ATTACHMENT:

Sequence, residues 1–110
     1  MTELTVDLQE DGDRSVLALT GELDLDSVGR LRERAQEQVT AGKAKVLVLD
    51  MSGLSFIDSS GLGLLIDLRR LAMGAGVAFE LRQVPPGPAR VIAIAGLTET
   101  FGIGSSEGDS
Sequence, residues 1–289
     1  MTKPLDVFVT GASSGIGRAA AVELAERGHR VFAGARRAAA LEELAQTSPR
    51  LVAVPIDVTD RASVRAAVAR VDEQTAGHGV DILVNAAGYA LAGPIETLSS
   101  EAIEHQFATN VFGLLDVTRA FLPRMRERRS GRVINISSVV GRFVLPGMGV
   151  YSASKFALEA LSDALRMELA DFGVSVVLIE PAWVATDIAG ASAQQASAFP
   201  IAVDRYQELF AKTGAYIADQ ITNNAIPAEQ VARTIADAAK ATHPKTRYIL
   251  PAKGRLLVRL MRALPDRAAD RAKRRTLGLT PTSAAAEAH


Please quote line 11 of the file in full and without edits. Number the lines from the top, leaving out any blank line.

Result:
   251  PAKGRLLVRL MRALPDRAAD RAKRRTLGLT PTSAAAEAH